Official: FIRM Labour commitment to repeal Tory NHS Act

This press-release was by the Labour party was sent to me today by a Labour MP.It was ’embargoed’ until 1 minute after midnight today (Monday), but I can’t find it picked up by the press at all yet, so you may very well be reading it first here..

The press release represents what we’ve all been waiting for, and which I’ve been expecting since a conversation with Andy Burnham a few weeks ago. Emphases are mine:

Burnham: Labour will repeal Cameron’s NHS market


– Hundreds of new NHS bodies have not been properly established, leaving NHS at “maximum risk” according to NHS chief.

– From Monday, NHS open to full-blown commercialisation

– Doctors required to put all contracts out to tender and hospitals able to earn up to 49% of income treating private patients

– Doctors not empowered or engaged by changes

-New figures from Labour reveal a third of laid-off managers, 2200, have been re-employed in the new structure.

Labour today warns that the NHS has been placed on a “fast-track to fragmentation and privatisation”.

David Cameron’s NHS re-organisation comes into force on Monday, after a long and bruising battle with NHS staff and patients.

However, a new survey by Labour on the Government’s re-organisation of the NHS reveals that there is already evidence of increased privatisation, conflicts of interest and a growing postcode lottery.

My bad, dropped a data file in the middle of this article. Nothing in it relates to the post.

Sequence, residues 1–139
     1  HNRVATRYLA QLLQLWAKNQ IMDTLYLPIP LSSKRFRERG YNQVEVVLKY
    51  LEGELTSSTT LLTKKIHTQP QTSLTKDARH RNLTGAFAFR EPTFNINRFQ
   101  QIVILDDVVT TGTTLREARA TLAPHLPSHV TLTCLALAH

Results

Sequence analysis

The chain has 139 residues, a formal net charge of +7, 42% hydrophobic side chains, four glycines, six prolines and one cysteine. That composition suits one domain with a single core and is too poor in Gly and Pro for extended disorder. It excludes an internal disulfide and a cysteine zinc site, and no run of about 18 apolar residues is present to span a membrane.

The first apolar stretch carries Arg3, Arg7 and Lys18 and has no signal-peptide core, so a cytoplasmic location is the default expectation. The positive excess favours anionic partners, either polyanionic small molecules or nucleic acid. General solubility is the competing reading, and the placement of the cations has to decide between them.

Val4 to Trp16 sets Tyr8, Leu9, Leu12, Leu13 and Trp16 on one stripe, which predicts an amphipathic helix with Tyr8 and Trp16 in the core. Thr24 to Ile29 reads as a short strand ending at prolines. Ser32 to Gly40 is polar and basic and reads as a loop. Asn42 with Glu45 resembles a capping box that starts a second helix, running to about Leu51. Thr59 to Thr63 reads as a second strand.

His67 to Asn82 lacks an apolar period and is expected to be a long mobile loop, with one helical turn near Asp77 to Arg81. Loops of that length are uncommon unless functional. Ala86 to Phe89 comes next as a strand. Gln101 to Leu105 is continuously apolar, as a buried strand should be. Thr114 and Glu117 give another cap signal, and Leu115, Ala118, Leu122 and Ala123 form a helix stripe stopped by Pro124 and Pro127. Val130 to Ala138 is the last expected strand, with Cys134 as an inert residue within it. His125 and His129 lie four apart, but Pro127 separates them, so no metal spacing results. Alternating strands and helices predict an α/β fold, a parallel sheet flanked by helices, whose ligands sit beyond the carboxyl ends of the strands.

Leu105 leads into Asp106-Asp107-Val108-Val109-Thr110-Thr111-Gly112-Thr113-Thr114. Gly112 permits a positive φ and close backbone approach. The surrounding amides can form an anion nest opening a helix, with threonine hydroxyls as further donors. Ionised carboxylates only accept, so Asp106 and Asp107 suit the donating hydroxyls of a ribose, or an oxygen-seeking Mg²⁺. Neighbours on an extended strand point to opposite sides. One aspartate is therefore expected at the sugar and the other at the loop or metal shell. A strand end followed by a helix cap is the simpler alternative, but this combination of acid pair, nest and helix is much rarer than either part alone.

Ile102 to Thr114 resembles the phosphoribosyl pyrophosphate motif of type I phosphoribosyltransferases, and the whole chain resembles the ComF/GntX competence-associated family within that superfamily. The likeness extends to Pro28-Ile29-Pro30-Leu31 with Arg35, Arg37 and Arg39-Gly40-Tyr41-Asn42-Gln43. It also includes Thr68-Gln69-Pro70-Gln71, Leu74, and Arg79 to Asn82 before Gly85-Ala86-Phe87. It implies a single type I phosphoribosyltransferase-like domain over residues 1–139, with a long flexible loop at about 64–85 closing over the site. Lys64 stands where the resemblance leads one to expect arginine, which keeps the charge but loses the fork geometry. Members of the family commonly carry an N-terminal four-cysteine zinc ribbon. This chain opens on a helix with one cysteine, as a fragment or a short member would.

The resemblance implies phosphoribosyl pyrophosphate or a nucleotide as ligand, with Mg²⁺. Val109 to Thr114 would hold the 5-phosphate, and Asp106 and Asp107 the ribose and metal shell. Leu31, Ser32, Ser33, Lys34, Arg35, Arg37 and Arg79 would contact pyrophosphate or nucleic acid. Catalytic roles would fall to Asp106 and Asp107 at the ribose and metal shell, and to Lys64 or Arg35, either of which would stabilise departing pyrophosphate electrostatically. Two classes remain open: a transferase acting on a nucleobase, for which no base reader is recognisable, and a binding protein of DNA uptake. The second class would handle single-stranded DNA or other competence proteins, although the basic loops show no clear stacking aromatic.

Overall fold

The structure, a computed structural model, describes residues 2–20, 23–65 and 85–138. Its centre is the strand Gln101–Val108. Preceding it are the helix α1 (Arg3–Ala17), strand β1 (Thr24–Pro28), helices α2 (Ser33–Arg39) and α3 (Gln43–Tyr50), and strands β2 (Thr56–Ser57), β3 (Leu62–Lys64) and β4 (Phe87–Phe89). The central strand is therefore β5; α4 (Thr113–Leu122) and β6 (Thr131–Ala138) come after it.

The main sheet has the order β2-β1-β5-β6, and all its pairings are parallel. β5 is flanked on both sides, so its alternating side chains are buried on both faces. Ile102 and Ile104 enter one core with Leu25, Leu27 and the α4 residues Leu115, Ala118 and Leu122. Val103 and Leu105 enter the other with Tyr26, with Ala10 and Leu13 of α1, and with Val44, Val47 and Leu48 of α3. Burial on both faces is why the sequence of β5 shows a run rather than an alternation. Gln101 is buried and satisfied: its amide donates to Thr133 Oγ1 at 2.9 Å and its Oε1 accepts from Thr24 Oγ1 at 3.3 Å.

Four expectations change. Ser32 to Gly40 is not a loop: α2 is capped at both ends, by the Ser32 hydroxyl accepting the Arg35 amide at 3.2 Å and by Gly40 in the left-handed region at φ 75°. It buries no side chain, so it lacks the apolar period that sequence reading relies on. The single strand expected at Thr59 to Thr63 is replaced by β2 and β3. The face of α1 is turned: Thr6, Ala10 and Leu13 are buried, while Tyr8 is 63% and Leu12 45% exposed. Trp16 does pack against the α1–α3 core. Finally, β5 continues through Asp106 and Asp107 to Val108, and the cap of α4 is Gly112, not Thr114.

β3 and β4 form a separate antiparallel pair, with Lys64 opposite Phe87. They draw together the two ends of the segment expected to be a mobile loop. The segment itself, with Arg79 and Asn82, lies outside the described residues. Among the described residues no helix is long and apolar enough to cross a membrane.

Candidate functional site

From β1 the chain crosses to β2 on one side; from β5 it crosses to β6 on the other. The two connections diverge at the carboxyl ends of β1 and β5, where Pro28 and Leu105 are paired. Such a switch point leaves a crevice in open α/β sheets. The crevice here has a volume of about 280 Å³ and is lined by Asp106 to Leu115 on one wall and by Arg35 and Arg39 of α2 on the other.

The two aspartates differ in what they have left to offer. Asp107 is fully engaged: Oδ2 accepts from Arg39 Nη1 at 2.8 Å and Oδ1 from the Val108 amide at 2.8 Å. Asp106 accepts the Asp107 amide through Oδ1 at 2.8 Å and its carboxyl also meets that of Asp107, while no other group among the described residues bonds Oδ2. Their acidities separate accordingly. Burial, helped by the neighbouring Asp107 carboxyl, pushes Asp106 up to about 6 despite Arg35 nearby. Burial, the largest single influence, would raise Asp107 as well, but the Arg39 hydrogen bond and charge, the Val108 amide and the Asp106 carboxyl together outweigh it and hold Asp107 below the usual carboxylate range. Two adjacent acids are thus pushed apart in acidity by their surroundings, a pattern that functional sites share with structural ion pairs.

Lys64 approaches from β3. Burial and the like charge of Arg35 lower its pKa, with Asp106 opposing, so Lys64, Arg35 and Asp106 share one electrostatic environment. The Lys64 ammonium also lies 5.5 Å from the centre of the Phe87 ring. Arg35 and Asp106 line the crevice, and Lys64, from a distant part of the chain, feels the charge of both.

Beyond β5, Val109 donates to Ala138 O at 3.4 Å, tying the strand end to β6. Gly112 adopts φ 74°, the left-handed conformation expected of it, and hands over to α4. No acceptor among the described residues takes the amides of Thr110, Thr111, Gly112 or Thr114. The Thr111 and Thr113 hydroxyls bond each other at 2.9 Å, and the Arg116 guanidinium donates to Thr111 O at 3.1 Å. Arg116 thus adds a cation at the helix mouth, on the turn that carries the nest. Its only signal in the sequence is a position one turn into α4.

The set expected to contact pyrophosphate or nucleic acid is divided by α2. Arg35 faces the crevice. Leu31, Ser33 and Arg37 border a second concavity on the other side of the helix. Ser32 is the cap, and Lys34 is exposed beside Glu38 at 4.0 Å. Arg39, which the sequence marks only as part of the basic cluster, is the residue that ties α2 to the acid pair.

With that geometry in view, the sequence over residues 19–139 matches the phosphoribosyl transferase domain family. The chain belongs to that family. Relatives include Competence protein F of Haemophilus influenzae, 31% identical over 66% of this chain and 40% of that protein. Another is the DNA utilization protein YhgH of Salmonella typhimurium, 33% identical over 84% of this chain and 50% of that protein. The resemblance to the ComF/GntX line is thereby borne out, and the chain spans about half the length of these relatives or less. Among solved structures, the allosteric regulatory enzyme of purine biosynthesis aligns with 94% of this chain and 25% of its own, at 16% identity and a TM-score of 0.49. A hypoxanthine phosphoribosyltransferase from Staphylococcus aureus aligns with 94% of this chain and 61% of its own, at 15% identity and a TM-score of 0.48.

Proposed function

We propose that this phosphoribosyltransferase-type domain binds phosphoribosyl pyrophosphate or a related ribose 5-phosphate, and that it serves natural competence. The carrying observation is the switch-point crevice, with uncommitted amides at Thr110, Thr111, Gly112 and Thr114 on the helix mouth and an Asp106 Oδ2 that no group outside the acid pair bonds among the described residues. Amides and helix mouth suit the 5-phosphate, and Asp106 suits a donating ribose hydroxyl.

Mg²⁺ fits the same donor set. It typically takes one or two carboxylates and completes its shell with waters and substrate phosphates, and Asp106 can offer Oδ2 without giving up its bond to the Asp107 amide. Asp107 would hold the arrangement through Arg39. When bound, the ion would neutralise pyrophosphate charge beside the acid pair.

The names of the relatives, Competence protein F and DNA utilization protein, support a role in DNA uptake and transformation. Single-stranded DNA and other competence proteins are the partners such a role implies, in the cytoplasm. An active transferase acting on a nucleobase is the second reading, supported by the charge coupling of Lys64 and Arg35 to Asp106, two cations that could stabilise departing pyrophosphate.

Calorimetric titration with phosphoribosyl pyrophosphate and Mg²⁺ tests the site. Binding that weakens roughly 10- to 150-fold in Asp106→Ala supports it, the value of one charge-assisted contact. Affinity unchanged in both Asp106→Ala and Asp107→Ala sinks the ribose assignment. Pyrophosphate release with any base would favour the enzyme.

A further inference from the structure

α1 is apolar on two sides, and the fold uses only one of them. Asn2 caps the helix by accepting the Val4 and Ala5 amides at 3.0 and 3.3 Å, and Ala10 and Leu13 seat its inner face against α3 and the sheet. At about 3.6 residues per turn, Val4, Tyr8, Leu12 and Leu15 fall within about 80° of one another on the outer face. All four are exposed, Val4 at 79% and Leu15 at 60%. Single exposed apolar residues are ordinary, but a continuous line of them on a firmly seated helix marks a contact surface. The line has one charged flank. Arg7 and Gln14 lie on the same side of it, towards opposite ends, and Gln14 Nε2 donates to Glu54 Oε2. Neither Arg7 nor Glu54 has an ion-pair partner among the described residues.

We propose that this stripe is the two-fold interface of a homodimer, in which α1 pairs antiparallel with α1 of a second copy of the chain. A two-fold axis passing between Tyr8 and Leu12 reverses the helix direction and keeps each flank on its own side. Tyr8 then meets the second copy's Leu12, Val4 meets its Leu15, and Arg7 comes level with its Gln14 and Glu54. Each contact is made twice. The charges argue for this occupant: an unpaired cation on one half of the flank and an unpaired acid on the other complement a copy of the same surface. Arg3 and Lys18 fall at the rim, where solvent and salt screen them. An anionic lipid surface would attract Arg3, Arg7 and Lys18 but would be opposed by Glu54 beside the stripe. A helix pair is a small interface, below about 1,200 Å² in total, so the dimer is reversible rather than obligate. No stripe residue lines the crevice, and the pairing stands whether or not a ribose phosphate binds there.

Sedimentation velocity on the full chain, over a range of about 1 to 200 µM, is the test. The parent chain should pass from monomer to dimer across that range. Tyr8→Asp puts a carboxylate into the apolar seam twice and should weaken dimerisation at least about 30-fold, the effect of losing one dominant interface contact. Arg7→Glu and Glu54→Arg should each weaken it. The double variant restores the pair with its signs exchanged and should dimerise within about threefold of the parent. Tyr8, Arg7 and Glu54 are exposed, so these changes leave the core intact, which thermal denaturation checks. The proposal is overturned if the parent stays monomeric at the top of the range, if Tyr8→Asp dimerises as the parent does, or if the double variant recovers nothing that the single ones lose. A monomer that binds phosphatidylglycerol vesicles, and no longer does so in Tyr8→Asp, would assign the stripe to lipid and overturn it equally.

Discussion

GP commissioners are being forced to open up all contracts to ‘Any Qualified Provider’ and already 396 community services across England have been privatised.

Labour’s NHS Check report reveals that the NHS has spent £3.45 billion on the re-organisation. Over £1 billion has been spent on redundancy payments and new figures from Labour reveal a third of laid-off managers, 2200, have been re-employed in the new structure.

In addition, hundreds of the new NHS bodies have missed the 1 April 2013 deadline for authorisation. David Nicholson, the Chief Executive of NHS England, has conceded that the NHS is now at “maximum risk.

On Monday, Labour will commit to repeal David Cameron’s Health and Social Care Act and the market system it foists on the NHS.